"Home made" Shiva Lingam with flowers, coconuts and banana sacrifeces at Rameshwaram beach

There are multitudes of holy men in Hinduism: sadhus, babas, swamis, brahmins. Frankly speaking I don't really know the difference between them, but all of them basically sit around, do nothing at all, beg and give blessing to others. I would lie if I said that I find their conduct very sympathic. They reveal the down side of Hinduism for me: they might have attained wisdom and liberation, but the detachment from everything - from possessions, actions and people - makes them completely useless for the rest of us. What we worship we shall become - and as Hindus worship cows, they often themselves resemble a lost herd of cows, gathering in giant numbers, peaceful but actionless, uncooperative, often uninspiring, not minding the dirt which they produce and which they live in. I don't paint all Hinduism in pink in my perspective.

7. Bhagavatgita
And the truly last part of description of Hinduism: Bhagavatgita. As already mentioned, Bhagavatgita (meaning “The Song of the Holy One”) is a chapter from Mahabharata, but it’s printed and read mostly separately as a holy book on its own. It contains Krishna’s revelation of the most secret secrets of life, and Krishna addresses them to Arjuna, his great friend, who although being demigod, represents common mortal man, but of great spirit and mind. I strongly suggest you to read Bhagavatgita. It’s pretty short, I think it has less than 80 pages, I read it in a single day in English, so in your mother tongue you can do it as well. But to get most of the book (this was second or third time that I read it), read it carefully, don’t hurry too much. It is great philosophical masterpiece. Don’t worry, you will not read about holiness of cows, or how to best place banana atop of Shiva Lingam. This is true philosophy with tremendous meaning for all of us (even atheists like me).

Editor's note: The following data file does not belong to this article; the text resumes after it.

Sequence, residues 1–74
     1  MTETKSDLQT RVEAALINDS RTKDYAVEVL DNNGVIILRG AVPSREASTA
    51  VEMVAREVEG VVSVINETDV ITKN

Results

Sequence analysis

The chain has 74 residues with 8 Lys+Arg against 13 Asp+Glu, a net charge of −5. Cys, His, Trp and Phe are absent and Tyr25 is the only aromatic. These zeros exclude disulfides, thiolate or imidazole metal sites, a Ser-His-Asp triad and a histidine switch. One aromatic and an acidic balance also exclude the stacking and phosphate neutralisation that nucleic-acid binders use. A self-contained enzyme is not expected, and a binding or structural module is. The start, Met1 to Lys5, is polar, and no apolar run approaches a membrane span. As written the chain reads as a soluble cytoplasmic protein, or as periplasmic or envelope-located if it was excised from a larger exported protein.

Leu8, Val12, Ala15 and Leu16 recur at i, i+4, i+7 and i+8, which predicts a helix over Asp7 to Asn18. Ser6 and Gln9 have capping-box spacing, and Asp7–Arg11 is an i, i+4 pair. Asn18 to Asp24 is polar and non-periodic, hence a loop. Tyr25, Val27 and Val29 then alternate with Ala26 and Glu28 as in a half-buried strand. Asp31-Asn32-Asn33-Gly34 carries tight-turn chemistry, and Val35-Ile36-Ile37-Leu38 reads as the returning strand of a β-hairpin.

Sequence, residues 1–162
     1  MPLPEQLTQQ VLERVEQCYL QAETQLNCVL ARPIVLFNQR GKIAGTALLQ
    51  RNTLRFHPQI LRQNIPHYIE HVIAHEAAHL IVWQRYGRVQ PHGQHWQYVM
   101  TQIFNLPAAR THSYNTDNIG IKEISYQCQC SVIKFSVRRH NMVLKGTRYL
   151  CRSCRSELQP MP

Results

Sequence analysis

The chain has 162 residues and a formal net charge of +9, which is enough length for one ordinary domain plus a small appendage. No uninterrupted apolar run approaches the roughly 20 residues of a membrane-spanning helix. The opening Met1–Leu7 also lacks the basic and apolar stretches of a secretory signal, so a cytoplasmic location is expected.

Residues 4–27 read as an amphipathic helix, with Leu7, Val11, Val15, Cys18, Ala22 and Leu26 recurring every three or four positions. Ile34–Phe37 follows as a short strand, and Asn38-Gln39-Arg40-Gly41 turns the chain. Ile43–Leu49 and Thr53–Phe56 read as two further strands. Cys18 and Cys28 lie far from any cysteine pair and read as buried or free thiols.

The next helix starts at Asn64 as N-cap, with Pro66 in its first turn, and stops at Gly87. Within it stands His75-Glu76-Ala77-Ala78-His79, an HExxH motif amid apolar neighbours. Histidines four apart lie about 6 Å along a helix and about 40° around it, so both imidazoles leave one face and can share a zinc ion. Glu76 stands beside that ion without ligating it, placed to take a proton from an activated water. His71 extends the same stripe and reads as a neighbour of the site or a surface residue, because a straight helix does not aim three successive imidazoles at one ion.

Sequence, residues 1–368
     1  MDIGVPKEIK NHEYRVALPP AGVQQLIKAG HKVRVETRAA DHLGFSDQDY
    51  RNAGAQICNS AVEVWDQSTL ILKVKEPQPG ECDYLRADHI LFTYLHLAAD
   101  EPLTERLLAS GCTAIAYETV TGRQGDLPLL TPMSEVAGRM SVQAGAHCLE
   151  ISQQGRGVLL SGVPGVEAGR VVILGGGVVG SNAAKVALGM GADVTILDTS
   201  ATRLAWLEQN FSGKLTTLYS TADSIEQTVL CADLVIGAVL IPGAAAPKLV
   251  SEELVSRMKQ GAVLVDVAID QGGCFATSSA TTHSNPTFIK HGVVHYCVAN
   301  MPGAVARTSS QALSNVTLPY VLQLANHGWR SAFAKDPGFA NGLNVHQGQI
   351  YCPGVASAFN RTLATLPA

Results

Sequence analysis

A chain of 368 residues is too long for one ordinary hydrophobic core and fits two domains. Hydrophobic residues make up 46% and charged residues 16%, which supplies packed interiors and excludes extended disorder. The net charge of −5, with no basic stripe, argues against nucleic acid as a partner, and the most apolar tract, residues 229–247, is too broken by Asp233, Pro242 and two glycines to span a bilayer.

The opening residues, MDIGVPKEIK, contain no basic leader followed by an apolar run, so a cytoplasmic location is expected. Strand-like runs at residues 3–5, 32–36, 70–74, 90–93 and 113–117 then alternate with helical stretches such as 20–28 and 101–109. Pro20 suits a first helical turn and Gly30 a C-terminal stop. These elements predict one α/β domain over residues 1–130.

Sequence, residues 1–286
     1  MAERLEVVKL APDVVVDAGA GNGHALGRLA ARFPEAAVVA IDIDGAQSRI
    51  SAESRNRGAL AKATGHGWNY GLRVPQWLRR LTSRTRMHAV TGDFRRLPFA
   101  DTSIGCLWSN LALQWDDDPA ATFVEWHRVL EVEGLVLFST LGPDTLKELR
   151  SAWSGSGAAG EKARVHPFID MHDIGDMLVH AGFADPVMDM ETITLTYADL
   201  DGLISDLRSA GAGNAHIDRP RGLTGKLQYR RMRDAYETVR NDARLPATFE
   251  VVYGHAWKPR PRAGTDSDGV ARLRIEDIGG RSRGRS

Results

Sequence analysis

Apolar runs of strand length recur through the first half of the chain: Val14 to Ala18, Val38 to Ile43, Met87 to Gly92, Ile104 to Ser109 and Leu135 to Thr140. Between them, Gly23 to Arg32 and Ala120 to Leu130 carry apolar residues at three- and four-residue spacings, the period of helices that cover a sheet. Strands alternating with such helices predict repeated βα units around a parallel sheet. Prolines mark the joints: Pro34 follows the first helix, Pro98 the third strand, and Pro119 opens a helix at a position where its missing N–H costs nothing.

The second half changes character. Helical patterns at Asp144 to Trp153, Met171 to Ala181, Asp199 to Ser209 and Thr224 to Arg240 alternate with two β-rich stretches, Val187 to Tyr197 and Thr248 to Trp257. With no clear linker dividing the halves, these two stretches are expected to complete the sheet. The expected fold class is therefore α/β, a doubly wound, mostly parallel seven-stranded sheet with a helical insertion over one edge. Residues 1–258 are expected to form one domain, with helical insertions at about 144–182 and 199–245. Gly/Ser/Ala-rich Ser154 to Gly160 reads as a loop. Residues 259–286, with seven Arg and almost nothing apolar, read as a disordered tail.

It’s really stupid to attempt to summarize this great book in few words, but I will give a try, just to give you some teaser and to make you read it yourself. I will be extremely short, read the whole book to get more, really!

Krishna in his omnipresent form - having thousands of heads, thousands of hands - which he revealed to Arjuna to prove his Divinity

There is no way how to fulfill your craving, desires and passion. They are endless and bottomless. If you want to be happy, you have to overcome your craving, desires and passion. Do not crave. Do not be possessive. Be detached from your possessions and from results, consequences of your actions. Do your duty and actions which you ought to do, but do not care for the success of your actions or for their consequences. Do the task because of the tasks itself, not because of what it may bring you - do not be attached to fruits of your labor. Dualities such as pleasure and pain, friend and enemy, love and hate are only caused by cloud of ignorance which surrounds us. Uplift your spirit and mind, and you will overcome these dualities, you will realize oneness of everything. Your body is mortal, your soul is immortal. It has always been and will always be, there is no way how to destroy it. Live sinless life, and your next reincarnation will be of higher status than the current one. Commit sins and you will be degraded to lower level of being. Keep on reincarnating, until you completely unify yourself with Krishna, the Supreme Being, the Final Truth, the Oversoul, the One. Love Krishna, think of Krishna all the time, do your tasks for love of Krishna. Think of Krishna in moment of your death and you will become one with Krishna, your cycle of reincarnation will end. Om.